Before we get to the rest of today’s news, one of the biggest headlines worldwide is the announcement from Sir Alex Ferguson that he’s retiring from soccer (er, football!) at the end of the season after managing Manchester United the last 26-plus years. Truly a titan of sport and one of the most successful managers anywhere, anytime – for a full record-breaking retrospective of Sir Alex’s career, check out my colleague Kevin Lynch's look back here.

Meanwhile, it turns out Sir Alex is actually related to many of the players charged to his stewardship over the years. In fact, all of Europe can say the same, as a recently released study confirms that all Europeans alive today can be traced back to the same group of ancestors as recently as just 1,000 years ago.

If the citizens of the continent can get their organization skills together, all of the E.U. definitely has a shot to break the record for the largest family reunion, of 2,585 relatives set by the Lilly family at Flat Top, Virginia, USA, on Aug. 9, 2009.

And what would families be without moms? Mother’s Day in the U.S. approaches this Sunday and, rightfully so, Americans are spending more on Mom this year. Surveys found that we’ll spend between $17.1-20.7 billion (£10.98-13.3 billion) on mothers this year. With that kind of cash, a good gift idea for Mom might be the most expensive chocolate egg sold at auction, valued at $11,107 (£7,000), and auctioned at the Royal Courts of Justice in London on March 20, 2012.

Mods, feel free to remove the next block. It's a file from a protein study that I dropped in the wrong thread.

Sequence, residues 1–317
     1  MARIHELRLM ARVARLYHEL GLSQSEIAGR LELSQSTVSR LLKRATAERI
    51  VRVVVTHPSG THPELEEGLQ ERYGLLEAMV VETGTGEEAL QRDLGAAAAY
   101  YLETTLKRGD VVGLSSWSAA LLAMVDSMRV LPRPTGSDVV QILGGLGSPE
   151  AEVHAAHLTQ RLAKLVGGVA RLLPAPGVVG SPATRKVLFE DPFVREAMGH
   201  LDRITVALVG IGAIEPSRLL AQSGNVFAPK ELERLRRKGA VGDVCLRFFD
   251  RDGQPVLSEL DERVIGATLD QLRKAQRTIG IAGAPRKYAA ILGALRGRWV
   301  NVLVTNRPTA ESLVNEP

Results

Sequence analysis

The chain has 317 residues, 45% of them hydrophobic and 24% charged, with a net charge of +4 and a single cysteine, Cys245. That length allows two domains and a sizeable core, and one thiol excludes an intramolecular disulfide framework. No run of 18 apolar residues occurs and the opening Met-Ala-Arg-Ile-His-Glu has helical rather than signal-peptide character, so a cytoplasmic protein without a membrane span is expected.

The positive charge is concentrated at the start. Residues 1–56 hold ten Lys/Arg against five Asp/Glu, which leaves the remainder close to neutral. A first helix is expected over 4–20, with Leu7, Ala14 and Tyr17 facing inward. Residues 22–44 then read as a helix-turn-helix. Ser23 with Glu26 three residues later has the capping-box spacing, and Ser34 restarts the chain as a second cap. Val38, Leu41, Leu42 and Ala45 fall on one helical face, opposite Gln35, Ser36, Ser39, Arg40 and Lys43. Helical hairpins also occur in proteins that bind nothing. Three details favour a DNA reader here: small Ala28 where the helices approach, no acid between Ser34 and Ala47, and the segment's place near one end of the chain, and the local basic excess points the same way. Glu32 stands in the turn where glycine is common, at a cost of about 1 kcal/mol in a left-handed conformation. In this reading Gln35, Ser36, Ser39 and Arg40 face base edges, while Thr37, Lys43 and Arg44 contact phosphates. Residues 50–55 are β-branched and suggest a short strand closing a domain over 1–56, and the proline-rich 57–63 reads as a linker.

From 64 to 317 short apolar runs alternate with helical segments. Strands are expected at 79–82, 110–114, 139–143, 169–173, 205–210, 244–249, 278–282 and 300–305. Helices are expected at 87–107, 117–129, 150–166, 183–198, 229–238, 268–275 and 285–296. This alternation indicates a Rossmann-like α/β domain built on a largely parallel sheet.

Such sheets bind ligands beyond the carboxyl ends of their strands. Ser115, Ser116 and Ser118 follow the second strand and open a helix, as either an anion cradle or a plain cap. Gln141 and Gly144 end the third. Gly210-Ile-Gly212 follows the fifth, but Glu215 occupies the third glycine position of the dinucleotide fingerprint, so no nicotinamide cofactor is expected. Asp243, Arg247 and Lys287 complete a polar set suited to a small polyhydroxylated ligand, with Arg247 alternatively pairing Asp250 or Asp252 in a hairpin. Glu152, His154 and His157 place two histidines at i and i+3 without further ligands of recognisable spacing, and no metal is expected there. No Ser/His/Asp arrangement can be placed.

133066 - Most expensive non-jewelled chocolate egg sold at auction 3.JPG

Another food item with skyrocketing prices these days is beef. Due to a confluence of factors, beef prices have hit an all-time high and show no signs of slowing down. If the largest hamburger – clocking in at 2,014 lbs (913.54 kg) by Black Bear Casino Resort (USA) on Sept. 2, 2012 – were to be recreated today, it would cost an approximate $4,240 (£2,722) just to buy the meat. The old question, “Where’s the beef?” has seemingly been answered – it's at the bank.

Ending on a lighter note, those looking for a unique vacation destination have one more option to choose from: ABBA the Museum. The careers of Agnetha, Björn, Benny, and Anni-Frid certainly proved museum-worthy, and now that's the case in Stockholm.

Not only does the Swedish group hold the records for most consecutive No. 1 albums on the UK charts (8, tied with Led Zeppelin) and oldest album to top the UK charts (“Gold – Greatest Hits” hit top spot again 16 years after is release), but they’ve garnered an amazing international following. This was best proven when Melbourne’s Kew Primary School set the record for largest gathering of ABBA impersonators with 368 people on Guinness World Records Day 2011.

130487-largest gathering of ABBA impersonators 3.jpg

Mamma Mia indeed!